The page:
Here’s what I did next with my folk-block muslin.
First, here’s another view of the smock project that shows the neckline inserts pretty well.
Next, I tried out a few more collar positions and shapes:
The lower two images here show the first big blue mackinaw-esque collar trimmed down a bit:
I’m liking this pretty well…
…but still not decided; the plain rectangular collar looked good, too, plus it’s conceptually a better fit. But I love how adaptable the basic design is to all sorts of collars and neckines.
Next, I couldn’t resist trying out a custom-shaped shoulder with this simple set-up; figured it’d be interesting if nothing else, so I proceeded just as with a yoke drape, just leaving out the yoke, and then adding a dress-shirt-collar style necklineby tracing around a cylindrical strip of paper as I do on a dress or sport shirt drape. I just eye-balled a shoulder seam placement to be at the top of each shoulder, using pins, then chalk on both front and back:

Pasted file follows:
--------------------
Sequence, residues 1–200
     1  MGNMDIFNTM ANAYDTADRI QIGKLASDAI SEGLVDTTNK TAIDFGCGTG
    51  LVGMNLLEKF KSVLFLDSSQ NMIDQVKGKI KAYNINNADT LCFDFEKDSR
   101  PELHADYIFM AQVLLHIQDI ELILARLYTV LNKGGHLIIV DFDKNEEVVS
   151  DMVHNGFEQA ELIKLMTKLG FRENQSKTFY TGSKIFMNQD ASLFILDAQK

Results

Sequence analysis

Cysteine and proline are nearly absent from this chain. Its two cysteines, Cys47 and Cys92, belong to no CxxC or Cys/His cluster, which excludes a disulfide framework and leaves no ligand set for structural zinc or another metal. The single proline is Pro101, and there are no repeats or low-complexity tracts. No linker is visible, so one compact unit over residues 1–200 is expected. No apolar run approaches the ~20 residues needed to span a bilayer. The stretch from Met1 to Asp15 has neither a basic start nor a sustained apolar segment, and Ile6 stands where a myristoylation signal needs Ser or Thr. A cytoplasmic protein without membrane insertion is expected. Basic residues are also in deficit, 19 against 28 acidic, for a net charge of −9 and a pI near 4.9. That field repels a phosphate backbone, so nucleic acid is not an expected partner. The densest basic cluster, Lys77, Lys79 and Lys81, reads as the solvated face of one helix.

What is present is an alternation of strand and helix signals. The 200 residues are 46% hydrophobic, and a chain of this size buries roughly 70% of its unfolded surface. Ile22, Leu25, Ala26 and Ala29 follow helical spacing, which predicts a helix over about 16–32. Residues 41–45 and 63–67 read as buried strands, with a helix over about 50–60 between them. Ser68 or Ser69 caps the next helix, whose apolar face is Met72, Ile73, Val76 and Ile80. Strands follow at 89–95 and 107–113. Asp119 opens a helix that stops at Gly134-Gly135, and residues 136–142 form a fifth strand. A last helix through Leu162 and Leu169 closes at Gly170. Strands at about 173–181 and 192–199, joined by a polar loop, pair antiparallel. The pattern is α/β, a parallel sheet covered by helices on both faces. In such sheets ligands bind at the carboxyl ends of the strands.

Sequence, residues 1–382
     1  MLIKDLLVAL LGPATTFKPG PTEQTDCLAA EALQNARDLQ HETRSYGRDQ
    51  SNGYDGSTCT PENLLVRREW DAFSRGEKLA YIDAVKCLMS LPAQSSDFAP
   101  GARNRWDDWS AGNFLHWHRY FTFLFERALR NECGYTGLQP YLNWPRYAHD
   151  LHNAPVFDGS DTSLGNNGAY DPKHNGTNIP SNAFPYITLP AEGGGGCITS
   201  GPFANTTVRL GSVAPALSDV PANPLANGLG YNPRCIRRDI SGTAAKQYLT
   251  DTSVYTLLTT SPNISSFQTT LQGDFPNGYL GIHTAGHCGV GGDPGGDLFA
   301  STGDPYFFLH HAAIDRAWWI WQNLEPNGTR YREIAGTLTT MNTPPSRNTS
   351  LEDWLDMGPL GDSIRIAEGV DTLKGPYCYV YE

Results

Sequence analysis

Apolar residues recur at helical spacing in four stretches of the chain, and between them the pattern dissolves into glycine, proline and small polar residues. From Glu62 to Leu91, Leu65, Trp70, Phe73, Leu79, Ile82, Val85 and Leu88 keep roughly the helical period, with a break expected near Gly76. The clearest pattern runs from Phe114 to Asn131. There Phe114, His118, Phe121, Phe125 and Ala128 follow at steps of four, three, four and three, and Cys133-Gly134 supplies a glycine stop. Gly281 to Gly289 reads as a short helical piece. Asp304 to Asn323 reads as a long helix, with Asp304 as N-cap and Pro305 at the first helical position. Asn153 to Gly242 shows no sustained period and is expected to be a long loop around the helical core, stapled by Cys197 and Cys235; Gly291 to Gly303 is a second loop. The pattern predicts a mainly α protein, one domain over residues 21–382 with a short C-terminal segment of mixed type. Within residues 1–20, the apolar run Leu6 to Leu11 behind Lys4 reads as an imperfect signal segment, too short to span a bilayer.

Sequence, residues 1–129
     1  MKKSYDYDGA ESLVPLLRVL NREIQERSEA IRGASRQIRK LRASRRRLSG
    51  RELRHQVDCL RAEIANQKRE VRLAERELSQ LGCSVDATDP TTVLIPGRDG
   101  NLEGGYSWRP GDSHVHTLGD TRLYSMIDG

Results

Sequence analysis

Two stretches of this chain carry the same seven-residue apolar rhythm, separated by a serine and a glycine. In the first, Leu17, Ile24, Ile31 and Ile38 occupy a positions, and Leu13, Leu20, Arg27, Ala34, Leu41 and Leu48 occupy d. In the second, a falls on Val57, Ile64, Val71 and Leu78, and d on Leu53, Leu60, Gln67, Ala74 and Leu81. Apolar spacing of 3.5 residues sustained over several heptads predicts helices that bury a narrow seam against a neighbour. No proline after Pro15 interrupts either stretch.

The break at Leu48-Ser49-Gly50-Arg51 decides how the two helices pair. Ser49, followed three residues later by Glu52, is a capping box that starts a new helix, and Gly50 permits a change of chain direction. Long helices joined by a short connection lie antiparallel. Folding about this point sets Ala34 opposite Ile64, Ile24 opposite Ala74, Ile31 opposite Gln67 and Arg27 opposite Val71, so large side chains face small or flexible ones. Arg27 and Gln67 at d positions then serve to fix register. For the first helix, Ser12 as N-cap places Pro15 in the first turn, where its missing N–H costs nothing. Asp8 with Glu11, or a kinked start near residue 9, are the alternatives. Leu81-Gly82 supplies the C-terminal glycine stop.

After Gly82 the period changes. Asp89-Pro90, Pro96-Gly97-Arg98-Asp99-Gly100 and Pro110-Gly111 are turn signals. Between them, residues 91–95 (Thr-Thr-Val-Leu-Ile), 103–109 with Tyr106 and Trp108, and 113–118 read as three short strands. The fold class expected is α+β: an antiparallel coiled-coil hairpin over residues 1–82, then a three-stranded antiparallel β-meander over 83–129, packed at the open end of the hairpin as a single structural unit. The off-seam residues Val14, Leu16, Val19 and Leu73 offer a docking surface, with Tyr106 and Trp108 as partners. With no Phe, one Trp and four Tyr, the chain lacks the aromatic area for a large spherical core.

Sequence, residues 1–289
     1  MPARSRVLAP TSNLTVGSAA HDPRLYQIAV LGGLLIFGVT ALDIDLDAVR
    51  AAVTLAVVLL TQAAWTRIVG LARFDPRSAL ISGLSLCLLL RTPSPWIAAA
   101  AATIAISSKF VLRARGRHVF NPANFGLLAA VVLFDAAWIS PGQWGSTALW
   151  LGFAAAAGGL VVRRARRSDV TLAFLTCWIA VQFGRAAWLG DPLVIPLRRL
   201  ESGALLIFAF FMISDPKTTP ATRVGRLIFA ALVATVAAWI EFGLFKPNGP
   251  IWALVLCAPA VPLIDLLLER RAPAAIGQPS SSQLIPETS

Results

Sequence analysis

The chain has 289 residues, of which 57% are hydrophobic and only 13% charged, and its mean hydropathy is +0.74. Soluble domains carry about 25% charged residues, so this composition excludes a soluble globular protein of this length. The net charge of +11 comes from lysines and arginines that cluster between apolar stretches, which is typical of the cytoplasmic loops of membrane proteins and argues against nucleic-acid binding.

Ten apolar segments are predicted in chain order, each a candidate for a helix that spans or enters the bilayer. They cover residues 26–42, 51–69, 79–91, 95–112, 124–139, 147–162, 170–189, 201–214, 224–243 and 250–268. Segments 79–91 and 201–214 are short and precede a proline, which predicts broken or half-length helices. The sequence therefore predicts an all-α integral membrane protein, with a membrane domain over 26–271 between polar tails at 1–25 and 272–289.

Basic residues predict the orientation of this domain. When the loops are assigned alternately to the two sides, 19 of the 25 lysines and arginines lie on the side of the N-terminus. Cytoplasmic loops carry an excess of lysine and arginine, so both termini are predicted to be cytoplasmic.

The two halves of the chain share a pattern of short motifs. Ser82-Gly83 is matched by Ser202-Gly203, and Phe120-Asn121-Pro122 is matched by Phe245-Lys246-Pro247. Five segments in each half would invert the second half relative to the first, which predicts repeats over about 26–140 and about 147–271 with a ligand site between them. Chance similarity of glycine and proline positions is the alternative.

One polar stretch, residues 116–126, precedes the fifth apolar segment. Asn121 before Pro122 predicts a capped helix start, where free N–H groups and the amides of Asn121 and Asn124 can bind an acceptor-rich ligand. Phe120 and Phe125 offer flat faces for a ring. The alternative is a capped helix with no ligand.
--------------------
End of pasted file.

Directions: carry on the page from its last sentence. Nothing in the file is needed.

Overall, I was going for a much closer fit with this test, just to make the experiment more interesting by scaling it towards my existing sport and dress-shirt patterns rather than towards an over-sized outer garment. Here’s how it looked on me right off the form; definitely an odd mix of fitted and not, exacerbated by the close-fitting neckline, which would be an unlikely feature on any garment I’d build from this drape, but is my usual default starting point:
I haven’t reached any definite conclusions from this little side trip, even though I pursued it a bit further, adding sleeves and even a gently-curved armhole and sleeve cap, but I think you can see how this could become a sort of “how-did-fitted-shirts-evolve-anyway?” investigation…
Next up: Regular-shirt #2’s pattern development.